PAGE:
WS perfectly integrates with existing Active Directory platforms, and if a domain is not present, it gets automatically created and connected to every desktop.
Storage for each instance spans from 10 to 100 GByte according to the package.
Another important aspect is about security: using the PC-over-IP protocol (PCoIP), business data, and in general data of who administers the infrastructure, is not stored in any way on the user’s device. This way the usage experience is very close to a physical desktop (such protocols also optimize the bandwidth use), data doesn’t get out of the AWS Cloud and, as a consequence, out of the working environment.
The price of the different packages also varies according to the geographical area. Amazon allows the use of your own licenses (Windows and Office) -after a quick verification of a few minimum requirements- thus offering a saving of a couple of dollars from the normal price. For instance the Value configuration with 1 vCPU, 2GByte of RAM and 10GByte of storage is 27$/month, the Standard configuration with 2 vCPU, 4GByte of RAM and 50GByte of storage is 37$/month; switching to Plus version with Office Professional and the Trend Micro Worry-Free Business antivirus is an additional 15$ per month.
Prices unfortunately can’t be splitted in time, you must pay for the whole month even if you use your desktop for a couple of days.
Usage experience as an end-user
We have tried the Value Plus package (42$ per month). Once the WorkSpace Client is installed, all it’s required is to enter your own credentials and start working with an interface which is very close to Windows’ Remote Desktop Connection: you can also switch to fullscreen mode thus avoiding the feeling of working on a remote desktop, even if using two screens (WS automatically scales on both screens to the greater resolution available)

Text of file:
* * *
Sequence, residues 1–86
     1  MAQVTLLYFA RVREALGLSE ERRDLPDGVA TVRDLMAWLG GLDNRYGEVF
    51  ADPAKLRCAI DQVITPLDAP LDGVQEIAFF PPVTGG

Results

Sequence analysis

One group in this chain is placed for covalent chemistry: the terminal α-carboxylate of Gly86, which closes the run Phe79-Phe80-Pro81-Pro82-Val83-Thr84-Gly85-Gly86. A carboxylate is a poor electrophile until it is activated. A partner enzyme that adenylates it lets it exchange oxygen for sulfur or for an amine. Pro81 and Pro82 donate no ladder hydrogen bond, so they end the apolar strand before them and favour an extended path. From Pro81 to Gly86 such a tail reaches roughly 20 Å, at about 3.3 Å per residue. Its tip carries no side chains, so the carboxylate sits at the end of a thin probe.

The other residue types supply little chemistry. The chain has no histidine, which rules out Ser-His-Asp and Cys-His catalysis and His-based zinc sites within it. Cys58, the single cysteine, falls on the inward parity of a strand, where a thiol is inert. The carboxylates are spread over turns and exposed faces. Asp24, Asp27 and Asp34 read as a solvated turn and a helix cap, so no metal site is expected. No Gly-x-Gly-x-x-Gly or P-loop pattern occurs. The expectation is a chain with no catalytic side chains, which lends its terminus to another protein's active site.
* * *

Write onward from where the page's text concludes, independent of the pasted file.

The overall usage experience is good, albeit partially limited by package performances (2GByte of RAM and 1 vCPU) which gave us a feeling of non-optimal reactivity in some cases. Navigation within the file system and the different areas of the OS is fluid, opening programs (Word, Excel, Chrome, etc..) requires an acceptable time, which is obviously higher than the one offered by a physical desktop with an SSD unit. These impressions are confirmed by a test on storage performances that highlights modest values (see the image below, but beware that this data is only indicative), on the other hand we’ve been positively impressed by the Internet connection speed, which greatly overlaps 100Mbps in download and 50Mbps in upload (traffic is invoiced apart with AWS rates).
Local printers are automatically connected and perfectly behaved in our test. Sharing documents between desktops happens with WorkDocs, an object storage service with an operating mode close to Dropbox and also available for Android, iPad and Kindle Fire.
In our opinion, WorkSpaces offers a winning approach to VDI. It’s suited to multiple situations for sure and offers many advantages with respect to an on-premises infrastructure: easy creation of working environments, scalability, security and absence of maintenance are the main ones, although OS updates must be applied by users.
Among the disadvantages we can find price which is not particularly high but certainly higher than purchasing a laptop and related licenses even for just a three-year usage term. However if you add the costs of deployment, configuration, managements and IT resources administration to the overall count, then the gap in terms of prices gets very thin, at least if a traditional and not very performant desktop solution is required.